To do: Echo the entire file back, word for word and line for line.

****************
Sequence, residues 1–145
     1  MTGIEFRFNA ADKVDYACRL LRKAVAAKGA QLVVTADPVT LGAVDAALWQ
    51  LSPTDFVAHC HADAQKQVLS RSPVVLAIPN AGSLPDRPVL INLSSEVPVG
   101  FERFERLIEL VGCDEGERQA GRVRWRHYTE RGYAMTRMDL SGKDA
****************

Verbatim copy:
Sequence, residues 1–145
     1  MTGIEFRFNA ADKVDYACRL LRKAVAAKGA QLVVTADPVT LGAVDAALWQ
    51  LSPTDFVAHC HADAQKQVLS RSPVVLAIPN AGSLPDRPVL INLSSEVPVG
   101  FERFERLIEL VGCDEGERQA GRVRWRHYTE RGYAMTRMDL SGKDA